Most people are aware of the almost uncontrollable trend for taking selfies. Whether this is a picture in your favourite outfit, enjoying a meal or perhaps visiting a spectacular site, it seems that people all over the world are jumping on the selfie trend. But just how far would you go to get the perfect, shareable photo that might get you a few hundred likes?
Well this year hundreds of people are visiting a particular location in Siberia, in search of the best Instagrammable photo. They are even risking their health for this.
The turquoise lake, in Siberia, locally nicknamed the “Novosibirsk Maldives” is crystal blue and is surrounded by incredible landscapes. It is fast becoming one of the places people want to visit to take a picture. Now some tourists adhere to the strict signs that state no-one is to enter the water. However, others are taking their panel boards and venturing out onto the lake and others even swimming in the clear blue waters. Now in most cases you would expect people to want to enjoy cool blue waters, but not in this case.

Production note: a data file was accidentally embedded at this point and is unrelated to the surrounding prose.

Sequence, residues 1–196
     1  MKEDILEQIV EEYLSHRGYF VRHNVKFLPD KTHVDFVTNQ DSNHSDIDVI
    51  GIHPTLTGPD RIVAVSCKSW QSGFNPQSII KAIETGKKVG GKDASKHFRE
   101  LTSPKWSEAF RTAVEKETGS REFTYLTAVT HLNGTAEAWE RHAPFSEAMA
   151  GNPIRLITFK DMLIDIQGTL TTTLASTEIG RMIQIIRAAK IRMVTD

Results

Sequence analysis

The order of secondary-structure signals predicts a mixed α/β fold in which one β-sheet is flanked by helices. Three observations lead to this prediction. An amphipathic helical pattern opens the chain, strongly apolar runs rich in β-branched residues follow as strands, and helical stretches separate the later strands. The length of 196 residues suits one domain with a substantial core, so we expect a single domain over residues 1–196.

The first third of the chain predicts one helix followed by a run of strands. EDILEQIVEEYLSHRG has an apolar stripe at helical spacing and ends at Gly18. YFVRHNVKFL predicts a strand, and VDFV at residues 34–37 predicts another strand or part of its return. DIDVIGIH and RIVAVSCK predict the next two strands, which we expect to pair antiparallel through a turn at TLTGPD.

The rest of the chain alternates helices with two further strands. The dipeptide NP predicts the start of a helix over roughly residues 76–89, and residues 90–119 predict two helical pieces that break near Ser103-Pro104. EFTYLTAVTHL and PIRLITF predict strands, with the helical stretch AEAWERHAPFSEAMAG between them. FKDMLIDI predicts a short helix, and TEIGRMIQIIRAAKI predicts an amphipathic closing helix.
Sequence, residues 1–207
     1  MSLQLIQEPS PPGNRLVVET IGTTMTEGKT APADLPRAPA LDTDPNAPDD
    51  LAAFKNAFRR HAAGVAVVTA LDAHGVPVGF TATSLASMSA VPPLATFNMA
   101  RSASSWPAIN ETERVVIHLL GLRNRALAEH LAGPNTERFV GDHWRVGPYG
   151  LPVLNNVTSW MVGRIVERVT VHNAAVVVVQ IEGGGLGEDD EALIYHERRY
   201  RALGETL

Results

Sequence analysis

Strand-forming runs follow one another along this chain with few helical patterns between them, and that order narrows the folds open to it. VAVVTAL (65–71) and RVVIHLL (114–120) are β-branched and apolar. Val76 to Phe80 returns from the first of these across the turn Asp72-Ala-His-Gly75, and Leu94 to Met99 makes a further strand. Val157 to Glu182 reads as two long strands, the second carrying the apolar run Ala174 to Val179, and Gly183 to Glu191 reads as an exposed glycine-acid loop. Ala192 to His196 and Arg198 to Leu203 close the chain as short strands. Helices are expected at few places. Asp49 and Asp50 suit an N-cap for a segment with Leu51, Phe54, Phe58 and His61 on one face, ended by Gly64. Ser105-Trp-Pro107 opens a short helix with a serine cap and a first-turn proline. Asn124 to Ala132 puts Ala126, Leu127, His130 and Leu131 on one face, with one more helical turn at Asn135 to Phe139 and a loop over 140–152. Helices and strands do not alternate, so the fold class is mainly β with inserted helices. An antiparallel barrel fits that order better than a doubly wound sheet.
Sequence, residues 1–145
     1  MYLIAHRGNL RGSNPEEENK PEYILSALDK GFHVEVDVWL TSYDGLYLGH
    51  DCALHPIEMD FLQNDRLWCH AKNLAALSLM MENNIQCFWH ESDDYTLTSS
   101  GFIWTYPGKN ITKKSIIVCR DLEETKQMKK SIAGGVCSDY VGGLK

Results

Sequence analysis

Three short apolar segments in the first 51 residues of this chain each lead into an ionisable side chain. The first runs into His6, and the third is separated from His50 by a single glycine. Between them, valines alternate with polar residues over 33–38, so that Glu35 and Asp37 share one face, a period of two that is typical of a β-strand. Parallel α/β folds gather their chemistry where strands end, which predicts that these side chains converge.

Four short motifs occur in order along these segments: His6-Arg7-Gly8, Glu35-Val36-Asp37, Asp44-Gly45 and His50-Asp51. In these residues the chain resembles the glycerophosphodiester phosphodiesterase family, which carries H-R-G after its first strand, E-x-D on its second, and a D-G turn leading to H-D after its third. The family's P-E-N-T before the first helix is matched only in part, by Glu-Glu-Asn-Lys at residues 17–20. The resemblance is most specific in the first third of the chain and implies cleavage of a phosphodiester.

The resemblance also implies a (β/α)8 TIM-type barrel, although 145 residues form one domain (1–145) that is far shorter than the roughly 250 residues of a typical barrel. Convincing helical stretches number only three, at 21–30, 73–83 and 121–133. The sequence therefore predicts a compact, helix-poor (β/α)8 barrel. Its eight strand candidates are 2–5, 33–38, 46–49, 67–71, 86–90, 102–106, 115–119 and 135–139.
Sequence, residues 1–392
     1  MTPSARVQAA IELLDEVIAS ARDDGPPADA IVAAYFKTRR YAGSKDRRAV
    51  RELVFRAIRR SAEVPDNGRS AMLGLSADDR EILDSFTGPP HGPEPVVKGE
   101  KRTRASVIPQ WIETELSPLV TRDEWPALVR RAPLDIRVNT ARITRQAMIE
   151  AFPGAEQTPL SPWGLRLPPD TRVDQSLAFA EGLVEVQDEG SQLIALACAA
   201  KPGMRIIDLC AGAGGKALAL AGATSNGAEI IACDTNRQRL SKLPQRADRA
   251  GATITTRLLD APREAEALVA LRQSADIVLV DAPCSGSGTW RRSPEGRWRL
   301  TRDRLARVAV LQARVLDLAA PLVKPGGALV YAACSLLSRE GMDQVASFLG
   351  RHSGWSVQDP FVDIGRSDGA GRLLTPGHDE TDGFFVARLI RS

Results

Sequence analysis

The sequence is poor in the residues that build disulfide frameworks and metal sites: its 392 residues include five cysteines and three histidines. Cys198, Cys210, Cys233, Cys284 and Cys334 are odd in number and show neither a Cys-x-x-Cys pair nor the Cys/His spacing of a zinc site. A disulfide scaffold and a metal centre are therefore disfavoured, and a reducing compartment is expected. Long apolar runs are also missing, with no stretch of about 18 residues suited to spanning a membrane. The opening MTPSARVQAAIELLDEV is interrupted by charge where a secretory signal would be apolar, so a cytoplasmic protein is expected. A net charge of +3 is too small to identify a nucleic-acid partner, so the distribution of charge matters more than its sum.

The lake is in fact man made and is the ash dump of a local power plant. This means that the water is so coloured not because it is a tropical paradise but because it contains high levels of calcium salts and metal oxides from the power plant. Local authorities have expressly informed people that whilst the waters are not poisonous or highly radioactive the calcium salts and metal oxides can cause skin and allergic reactions and the bottom of the lake is not secure and people could find themselves trapped in the ash layers.
When power plants and other areas are decommissioned the area will go through Land Remediation Services such as those that are offered by ash remediation to remove ant dangerous chemicals and other items and return the area back to wildlife in many cases. For some areas that have been subjected to high levels of toxic activity this is managed by burying the area underneath land or water that contains the toxic elements below it.
There are many areas across the world that have been through this process and can include disused mines, quarries and power plant sites. So next time you decide to take the perfect selfie, check first that you are not putting yourself or your health at risk.